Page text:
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Senators don't plan to be easy mark down stretch

by Rob Brodie / Ottawa Senators
Chris Neil and the Senators plan to give it their best shot right until the final game of the season, even if the playoffs aren't in the cards for them this time (Photo by Joe Sargent/NHLI via Getty Images).

ATLANTA — Their goals and ambitions have clearly now moved in a different direction.

But that hardly means the Ottawa Senators have thrown in the towel on a mostly forgettable season. Point being that this is a group fully intent on making life anything but easy for every rival that crosses its path the rest of the way.

"We want to win as much as possible, but we also want to make sure we make it tough on any team we play against," forward Nick Foligno said with an eye toward tonight's matchup at Philips Arena against the fading Atlanta Thrashers (7 p.m., Sportsnet East, Team 1200), who are in dire need of a win to stay in the thick of the Eastern Conference playoff chase.

"it would be fun to be kind of a spoiler, absolutely. It’s not the position we want to be in – we want to be fighting for a playoff spot – but if that’s the case, we want to make it tough on any team that plays the Ottawa Senators right now."

They've been doing just that over the last five games. Despite unloading six veterans in a shift toward a younger future, the Senators have found a way to thrive with a lineup chock full of Binghamton Senators callups in front of the rock steady Craig Anderson, who'll make his sixth straight start in goal since being acquired from the Colorado Avalanche.

With Anderson's calming presence between the pipes as the surest of anchors, a young group of Senators keeps gaining more confidence with each game. All of which makes the Eastern Conference's current basement dwellers (21-33-9) a much more dangerous foe.

"There is a transition period between the American league and this league," head coach Cory Clouston said in reference to the B-Sens brigade currently on hand. "But the nice thing is, some of those guys had opportunities earlier on in the season and now they’re getting a second chance, almost. Now they’re that much more comfortable.

"I think they’re a little bit more confident and we’ve had more time to work with them and credit to them, they’ve gone out and executed probably as well as we could have expected."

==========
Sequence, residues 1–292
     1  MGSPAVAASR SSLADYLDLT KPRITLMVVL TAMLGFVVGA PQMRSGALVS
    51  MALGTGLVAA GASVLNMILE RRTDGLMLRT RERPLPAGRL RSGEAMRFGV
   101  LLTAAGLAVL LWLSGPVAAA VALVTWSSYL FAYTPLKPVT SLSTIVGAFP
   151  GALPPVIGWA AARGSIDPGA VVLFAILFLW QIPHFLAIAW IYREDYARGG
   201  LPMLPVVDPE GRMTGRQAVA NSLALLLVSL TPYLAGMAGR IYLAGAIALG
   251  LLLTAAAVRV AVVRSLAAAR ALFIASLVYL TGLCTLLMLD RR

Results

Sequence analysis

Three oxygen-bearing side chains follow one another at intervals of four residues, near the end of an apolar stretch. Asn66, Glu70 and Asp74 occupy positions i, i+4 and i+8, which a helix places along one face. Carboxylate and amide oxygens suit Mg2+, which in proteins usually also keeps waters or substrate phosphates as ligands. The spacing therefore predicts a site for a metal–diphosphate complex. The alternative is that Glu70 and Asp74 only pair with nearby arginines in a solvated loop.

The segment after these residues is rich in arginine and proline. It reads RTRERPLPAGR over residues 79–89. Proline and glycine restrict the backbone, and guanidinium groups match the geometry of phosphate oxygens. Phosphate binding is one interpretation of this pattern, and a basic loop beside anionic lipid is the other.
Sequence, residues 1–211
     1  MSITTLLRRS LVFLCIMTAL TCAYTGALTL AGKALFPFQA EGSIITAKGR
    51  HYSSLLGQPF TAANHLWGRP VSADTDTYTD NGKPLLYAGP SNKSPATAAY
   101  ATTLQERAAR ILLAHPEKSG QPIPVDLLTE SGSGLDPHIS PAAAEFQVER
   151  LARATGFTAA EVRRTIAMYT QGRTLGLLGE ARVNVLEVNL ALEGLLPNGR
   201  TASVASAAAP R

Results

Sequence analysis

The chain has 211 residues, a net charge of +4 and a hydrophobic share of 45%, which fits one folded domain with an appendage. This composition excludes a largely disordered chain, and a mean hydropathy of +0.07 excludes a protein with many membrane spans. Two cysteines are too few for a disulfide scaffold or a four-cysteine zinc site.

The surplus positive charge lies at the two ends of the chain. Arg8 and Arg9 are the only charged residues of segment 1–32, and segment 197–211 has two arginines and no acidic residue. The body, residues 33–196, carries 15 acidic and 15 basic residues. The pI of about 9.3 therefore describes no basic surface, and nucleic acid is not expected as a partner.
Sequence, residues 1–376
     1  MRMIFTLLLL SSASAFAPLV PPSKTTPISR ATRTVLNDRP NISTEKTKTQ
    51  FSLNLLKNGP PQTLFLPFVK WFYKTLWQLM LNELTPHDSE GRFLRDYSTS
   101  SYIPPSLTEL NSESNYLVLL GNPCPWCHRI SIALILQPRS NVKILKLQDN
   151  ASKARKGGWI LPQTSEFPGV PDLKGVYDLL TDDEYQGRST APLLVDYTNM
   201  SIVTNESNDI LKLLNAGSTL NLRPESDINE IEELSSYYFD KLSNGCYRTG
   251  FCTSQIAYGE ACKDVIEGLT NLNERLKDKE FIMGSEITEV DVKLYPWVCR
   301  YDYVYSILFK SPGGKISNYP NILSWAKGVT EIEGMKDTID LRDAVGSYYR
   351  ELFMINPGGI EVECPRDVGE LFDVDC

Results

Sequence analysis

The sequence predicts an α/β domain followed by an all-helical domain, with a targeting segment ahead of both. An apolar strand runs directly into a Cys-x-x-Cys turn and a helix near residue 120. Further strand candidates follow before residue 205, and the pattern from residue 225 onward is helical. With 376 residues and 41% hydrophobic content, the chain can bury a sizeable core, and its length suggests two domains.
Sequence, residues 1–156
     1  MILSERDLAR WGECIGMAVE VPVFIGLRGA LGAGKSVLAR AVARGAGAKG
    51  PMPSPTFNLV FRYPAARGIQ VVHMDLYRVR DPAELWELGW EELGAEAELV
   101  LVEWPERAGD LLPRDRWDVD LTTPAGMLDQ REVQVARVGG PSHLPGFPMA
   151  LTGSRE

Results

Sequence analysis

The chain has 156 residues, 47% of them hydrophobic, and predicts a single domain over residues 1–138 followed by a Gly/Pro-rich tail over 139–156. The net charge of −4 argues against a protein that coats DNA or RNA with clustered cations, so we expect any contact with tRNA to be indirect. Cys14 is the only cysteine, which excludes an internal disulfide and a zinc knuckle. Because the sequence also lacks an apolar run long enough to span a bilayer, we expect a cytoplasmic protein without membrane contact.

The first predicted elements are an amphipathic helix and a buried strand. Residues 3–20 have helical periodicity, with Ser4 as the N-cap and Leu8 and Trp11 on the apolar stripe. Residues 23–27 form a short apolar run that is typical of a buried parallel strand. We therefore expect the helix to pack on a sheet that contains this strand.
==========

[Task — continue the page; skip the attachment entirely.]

Added Foligno: "You’re seeing progression and that’s so big on this team right now. We’ve had a long year of adversity and we want to see this thing turn around ... We’ve got some new faces and it’s just kind of injected some new energy and new life into our team. It’s amazing what happens sometimes."

There is also the matter of making an impression on Senators management, which is all important when it comes to a team set to undergo a major revamping heading into the 2011-12 campaign.

"I don’t think we’ve really discussed (being spoilers)," said veteran forward Chris Neil. "We’ve just (talked about) what we can do in here. We’ve got a lot of young guys that are trying for jobs next year and some free agents that don’t have a job as well. We’re just playing for each other in here and we said if we go out and we work hard ... that’s what we demand from ourselves in here.

"We go out, we work hard and we can live with mistakes, as long as you’re working hard doing it. You’ve got four other guys out there with you in your units and if you make a mistake, they’re going to be there to back you up. We have that confidence in our guys that we can back each other up. I think it’s shown in our play lately and, hopefully, it keeps carrying over."

Around the boards

Francis Lessard has fond memories of his days with the Atlanta Thrashers — after all, it's the team that gave him his first National Hockey League shot nearly a decade ago. Both no memory stands out more than the night during the 2003-04 season when he scored his first and only career NHL goal. "I was pretty open in front of the net," said Lessard, who was named the game's first star that night. "It was a good feeling to score the goal." Now he's back at Philips Arena in a visitor's jersey with the latest team to offer him an opportunity in the big show. "It’s been a long time. It’s been five years," said the 31-year-old Montreal native. "I had to wait a long time to get back into the NHL, so I enjoy it right now. I love the game. And you have to believe, because I’m here right now. You never quit because you never know what’s going to happen" ... With the Senators back in action Friday night at Scotiabank Place against the New York Rangers (7:30 p.m., TSN, Team 1200), Clouston elected to skip the pre-game skate today in favour of a video session and meetings.


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